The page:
LONDON — Oil leapt to a record high for a third day on Monday, surpassing US$93 as investors bet on another U.S. interest rate cut this week, the dollar struck new lows and Mexico briefly halted one-fifth of its oil production.
U.S. crude, which hit a high of US$93.20 a barrel earlier, was trading at US$91.92 by 1507 GMT, up six cents from the previous close. London Brent, which hit a record US$90, was up 33 cents at US$89.02 a barrel.
Oil prices have soared by more than a third since mid-August as a stand-off between Turkey and Kurdish rebels, dollar weakness, easing interest rates and winter supply fears have attracted a fresh wave of investment capital.
“Every new bullish factor pushes U.S. crude irrationally closer to US$100 barrel,” said SGCIB. But the bank went on to say: “Prices will fall if the FOMC does nothing.”
The U.S. Federal Reserve’s Federal Open Market Committee meets on Oct. 30-31. Wall Street is betting on another rate cut as the U.S. housing downturn deepens.
That expectation helped push the dollar to another record low against a basket of currencies, boosting the price of dollar-denominated commodities.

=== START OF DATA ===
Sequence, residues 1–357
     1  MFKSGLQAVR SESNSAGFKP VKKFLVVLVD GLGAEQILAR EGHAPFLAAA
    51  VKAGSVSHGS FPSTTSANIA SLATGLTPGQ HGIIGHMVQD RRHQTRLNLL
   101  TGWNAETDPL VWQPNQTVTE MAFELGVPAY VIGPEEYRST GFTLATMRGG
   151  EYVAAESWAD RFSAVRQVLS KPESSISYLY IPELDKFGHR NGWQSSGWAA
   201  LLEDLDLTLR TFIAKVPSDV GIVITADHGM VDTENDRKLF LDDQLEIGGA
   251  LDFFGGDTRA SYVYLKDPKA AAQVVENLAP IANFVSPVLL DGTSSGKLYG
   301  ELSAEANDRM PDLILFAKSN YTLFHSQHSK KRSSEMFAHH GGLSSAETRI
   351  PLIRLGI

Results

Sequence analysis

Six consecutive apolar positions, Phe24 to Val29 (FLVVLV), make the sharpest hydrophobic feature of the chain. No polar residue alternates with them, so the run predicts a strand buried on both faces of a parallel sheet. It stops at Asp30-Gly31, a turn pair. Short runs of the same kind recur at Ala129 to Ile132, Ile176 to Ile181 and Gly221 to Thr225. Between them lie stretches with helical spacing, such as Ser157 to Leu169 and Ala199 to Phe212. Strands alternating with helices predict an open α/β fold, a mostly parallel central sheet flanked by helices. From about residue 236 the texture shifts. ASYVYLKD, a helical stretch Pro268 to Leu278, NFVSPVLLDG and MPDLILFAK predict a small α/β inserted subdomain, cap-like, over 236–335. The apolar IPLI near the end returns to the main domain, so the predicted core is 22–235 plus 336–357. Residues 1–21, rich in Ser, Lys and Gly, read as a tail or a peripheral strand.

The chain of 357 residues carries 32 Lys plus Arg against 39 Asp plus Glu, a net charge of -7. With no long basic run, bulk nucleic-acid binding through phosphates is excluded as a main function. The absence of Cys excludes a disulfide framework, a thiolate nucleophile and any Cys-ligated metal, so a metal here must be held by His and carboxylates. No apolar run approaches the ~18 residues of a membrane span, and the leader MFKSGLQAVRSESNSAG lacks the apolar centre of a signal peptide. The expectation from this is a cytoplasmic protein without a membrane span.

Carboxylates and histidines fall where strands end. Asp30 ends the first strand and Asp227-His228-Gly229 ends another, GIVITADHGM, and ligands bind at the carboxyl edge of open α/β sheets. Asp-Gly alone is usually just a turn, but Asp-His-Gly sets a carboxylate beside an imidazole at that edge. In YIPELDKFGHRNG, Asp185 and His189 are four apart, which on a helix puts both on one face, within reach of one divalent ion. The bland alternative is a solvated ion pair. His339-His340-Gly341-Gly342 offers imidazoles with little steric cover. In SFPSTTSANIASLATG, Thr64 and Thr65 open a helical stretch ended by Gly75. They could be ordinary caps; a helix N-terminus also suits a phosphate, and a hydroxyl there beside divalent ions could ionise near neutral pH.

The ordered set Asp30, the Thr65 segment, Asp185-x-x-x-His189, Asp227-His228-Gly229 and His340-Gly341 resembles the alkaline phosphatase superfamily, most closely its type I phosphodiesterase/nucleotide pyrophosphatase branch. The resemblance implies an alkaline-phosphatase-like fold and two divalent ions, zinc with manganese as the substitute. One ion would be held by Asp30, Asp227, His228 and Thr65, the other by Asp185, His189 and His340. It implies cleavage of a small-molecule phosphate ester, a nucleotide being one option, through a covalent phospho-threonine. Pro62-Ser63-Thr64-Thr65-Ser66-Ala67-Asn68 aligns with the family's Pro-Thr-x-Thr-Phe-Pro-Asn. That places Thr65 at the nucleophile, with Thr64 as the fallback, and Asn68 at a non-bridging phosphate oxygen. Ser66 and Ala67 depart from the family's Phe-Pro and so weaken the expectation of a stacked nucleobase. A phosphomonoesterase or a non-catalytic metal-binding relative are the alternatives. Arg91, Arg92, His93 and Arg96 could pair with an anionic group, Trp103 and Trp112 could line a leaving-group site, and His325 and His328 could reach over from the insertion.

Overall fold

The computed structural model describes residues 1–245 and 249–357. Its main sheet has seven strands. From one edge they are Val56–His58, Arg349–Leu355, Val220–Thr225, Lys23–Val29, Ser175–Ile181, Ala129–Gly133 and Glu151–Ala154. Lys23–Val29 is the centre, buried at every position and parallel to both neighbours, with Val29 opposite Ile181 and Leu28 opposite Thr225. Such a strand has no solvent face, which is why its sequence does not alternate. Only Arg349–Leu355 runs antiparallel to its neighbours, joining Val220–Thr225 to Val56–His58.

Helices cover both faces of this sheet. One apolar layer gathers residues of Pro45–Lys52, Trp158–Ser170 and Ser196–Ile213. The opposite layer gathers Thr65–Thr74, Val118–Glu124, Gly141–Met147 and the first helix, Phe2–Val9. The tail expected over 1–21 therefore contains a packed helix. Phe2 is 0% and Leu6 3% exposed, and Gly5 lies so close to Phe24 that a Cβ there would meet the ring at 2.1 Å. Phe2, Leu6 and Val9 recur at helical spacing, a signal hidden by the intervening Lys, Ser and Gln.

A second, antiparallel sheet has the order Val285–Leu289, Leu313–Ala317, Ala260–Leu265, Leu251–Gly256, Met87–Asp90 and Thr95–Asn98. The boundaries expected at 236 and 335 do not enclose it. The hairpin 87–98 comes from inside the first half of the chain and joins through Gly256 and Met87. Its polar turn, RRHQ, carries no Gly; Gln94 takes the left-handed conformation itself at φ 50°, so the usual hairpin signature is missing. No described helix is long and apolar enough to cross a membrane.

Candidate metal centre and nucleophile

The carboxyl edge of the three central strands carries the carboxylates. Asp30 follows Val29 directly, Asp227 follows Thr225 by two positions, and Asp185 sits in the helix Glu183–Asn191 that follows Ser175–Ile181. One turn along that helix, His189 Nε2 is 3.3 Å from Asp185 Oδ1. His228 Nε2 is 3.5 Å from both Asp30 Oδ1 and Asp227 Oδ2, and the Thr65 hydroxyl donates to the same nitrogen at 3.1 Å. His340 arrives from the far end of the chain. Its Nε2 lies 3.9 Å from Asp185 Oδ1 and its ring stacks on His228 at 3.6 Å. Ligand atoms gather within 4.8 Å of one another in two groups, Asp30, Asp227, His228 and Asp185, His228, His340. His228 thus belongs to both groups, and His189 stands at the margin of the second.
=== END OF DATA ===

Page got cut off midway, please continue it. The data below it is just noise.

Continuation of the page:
Central banks have poured billions of dollars into financial markets to ease a liquidity crisis. Much of that money has found its way into energy, commodities and emerging markets.
“In our view, implied volatility in crude oil options looks attractive… In addition, crude oil volume also looks attractive relative to volume in other asset classes,” Merrill Lynch analysts wrote in a research note.
A strategist at Standard Life Investments said hedge funds had played a big part in driving oil prices towards US$100.
“There’s huge amount of speculation from hedge funds and others, they are all focused on the US$100 barrel mark,” said investment director Frances Hudson. “If volatility decreases significantly, they’d stop playing.”